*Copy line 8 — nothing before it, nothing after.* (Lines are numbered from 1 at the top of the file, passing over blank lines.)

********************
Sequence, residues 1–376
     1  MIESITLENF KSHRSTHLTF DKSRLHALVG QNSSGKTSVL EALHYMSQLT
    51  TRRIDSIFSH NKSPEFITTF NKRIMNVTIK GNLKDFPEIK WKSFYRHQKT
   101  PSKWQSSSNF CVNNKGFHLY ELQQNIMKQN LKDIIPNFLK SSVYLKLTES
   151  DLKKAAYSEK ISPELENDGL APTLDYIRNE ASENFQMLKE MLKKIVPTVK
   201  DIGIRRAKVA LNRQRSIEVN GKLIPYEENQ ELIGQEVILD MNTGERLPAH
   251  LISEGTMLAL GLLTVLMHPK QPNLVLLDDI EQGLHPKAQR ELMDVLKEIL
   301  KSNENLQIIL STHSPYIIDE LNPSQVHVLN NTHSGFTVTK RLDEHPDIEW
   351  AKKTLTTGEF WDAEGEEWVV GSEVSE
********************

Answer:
   301  KSNENLQIIL STHSPYIIDE LNPSQVHVLN NTHSGFTVTK RLDEHPDIEW